Two From This Year’s Vault – part 2

Humanitas Error Est – Human Pathomorphism (Satanath Records)

humanitaserrorest

In their debut these Germans make a decent attempt at mixing the guitar-sound aesthetics of clinical, “intelligent” black metal (the kind of late 90s Satyricon, album-era Thorns, etc – this legacy is also evident in the best riffs of this album) with some generic but beautiful-in-moments Swedish black metal extremity (Dark Funeral, Marduk, etc) as far as most of the riff content is concerned. Song structures are somewhat complex, befitting the futuristic edge. Vocal-wise there is a multitude of generic black metal growling, but the Dani Filth-esque passionate growls (of the kind that seems to keep echoing in the throat while being uttered) are clearly standing out above the rest. Some samples thrown in add to the industrial/futuristic atmosphere. The release does try to sound extreme, a bit too much occasionally, and the riffs are not highly original, but all in all this is an album that certainly has its moments, especially for the kind of listener that feels nostalgic about the “intelligent” Norwegian wave. Still, Plutonium’s debut (“One Size Fits All”) probably remains the best retro-intelligent release of the last ten years.

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Morar – Wahlheim (Nebular Winter Records)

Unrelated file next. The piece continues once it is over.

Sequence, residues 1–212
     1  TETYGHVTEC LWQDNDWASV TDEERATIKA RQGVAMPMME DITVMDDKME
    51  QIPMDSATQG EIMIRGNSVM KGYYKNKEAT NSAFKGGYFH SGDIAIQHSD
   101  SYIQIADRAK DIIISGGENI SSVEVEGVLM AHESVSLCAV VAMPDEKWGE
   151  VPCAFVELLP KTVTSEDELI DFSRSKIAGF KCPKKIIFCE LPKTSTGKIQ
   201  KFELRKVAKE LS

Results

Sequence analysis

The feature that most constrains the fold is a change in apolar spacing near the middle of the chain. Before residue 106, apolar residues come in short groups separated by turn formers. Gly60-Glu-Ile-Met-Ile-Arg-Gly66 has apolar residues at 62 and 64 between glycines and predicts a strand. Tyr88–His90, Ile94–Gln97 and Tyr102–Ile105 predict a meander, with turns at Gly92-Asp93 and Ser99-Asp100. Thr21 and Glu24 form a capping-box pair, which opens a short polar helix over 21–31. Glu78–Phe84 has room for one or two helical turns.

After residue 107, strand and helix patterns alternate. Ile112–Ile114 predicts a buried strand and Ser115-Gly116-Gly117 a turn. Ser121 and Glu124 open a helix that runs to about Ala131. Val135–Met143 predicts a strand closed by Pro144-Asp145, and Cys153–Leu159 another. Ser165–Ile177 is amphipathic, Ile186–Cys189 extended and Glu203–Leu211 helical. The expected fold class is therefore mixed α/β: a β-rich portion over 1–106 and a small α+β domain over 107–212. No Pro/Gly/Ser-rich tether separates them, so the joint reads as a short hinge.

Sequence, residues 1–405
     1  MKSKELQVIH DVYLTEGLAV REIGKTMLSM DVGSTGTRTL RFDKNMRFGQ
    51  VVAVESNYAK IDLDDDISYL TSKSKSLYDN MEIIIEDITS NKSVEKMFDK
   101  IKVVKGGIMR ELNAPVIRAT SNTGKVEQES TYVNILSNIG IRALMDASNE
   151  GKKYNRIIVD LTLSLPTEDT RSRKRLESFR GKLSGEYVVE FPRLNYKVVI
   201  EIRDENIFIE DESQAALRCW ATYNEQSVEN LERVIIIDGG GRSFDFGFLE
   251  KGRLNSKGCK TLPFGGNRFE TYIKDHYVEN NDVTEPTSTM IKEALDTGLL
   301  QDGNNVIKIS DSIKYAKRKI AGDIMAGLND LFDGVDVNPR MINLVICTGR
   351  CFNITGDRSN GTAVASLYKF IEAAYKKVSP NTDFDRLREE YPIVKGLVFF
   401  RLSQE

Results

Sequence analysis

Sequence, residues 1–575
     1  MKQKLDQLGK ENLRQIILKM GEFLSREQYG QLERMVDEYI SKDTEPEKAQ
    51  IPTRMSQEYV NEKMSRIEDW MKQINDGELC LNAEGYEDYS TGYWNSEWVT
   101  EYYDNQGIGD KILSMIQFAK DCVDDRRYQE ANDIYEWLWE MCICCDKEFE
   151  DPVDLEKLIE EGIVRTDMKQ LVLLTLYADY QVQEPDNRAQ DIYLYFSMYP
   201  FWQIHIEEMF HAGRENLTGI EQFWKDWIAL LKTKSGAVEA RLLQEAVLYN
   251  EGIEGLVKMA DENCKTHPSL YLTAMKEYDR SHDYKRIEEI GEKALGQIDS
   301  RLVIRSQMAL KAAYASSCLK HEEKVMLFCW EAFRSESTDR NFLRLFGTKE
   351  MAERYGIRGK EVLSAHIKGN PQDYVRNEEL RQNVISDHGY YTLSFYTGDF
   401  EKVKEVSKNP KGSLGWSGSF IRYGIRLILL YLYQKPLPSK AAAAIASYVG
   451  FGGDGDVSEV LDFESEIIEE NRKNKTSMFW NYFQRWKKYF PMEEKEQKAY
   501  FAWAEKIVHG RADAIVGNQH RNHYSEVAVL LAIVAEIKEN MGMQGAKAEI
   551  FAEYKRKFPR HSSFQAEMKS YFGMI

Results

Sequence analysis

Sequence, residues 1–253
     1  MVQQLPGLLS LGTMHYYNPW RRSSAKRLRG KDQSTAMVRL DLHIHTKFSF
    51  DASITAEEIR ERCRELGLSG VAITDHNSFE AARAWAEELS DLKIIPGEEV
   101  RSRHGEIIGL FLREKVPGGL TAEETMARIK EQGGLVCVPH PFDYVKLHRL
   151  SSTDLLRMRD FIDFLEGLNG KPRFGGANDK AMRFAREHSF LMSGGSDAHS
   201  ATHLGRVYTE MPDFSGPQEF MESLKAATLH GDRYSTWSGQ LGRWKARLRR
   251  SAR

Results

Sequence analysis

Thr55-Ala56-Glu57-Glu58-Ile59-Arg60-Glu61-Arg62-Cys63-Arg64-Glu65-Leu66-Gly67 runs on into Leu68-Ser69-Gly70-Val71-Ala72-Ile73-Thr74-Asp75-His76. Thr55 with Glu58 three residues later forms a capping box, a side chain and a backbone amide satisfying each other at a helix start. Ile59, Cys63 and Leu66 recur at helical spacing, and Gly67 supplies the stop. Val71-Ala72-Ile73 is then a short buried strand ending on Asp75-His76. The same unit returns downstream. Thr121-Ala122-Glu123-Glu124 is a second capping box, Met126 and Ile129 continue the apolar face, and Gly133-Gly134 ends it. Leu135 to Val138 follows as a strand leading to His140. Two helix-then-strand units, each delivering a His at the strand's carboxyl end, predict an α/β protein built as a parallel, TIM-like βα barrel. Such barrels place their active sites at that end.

morar

Since 2013’s really nice “Chants Of Ossian” demo, this act dabbles in obscurity, stating no member names and (until very recently) no country of origin (last time I checked their entry in Enyclopaedia Metallum the country was Greenland). Their debut full-length (which was one of the things that I keenly anticipated) was scheduled to be released last year, but apparently it had to be delayed a bit, hitting their bandcamp in mid-January.

What one can find inside this album with the evocative cover photography is highly melodic atmospheric black metal with a knack for NWOSDM-style leads and (by extension) the occasional heavy metal riffing. Old Emperor’s starry haze is here, in the album’s two best tracks, “Afflications” and “Thee To Scorn,” while the hauntingly melodic, almost lullaby-like, “’Tis Night” is following just behind in quality terms. In general, the band has traded some of the demo’s darkness (and rawer production) for a more folky (some excellent riffs draw upon pure folkish melodies) and flowing side. The thing is, where their character truly shine is in the less formalised (chaotic if you want) side of their music, the most purely black metal (aesthetically) one, rather than in the melodic leads which evoke heavy metal clarity. Nevertheless, this is a good album of melodic nature-worship black metal, with three excellent tracks, reminiscent of past days of glory.

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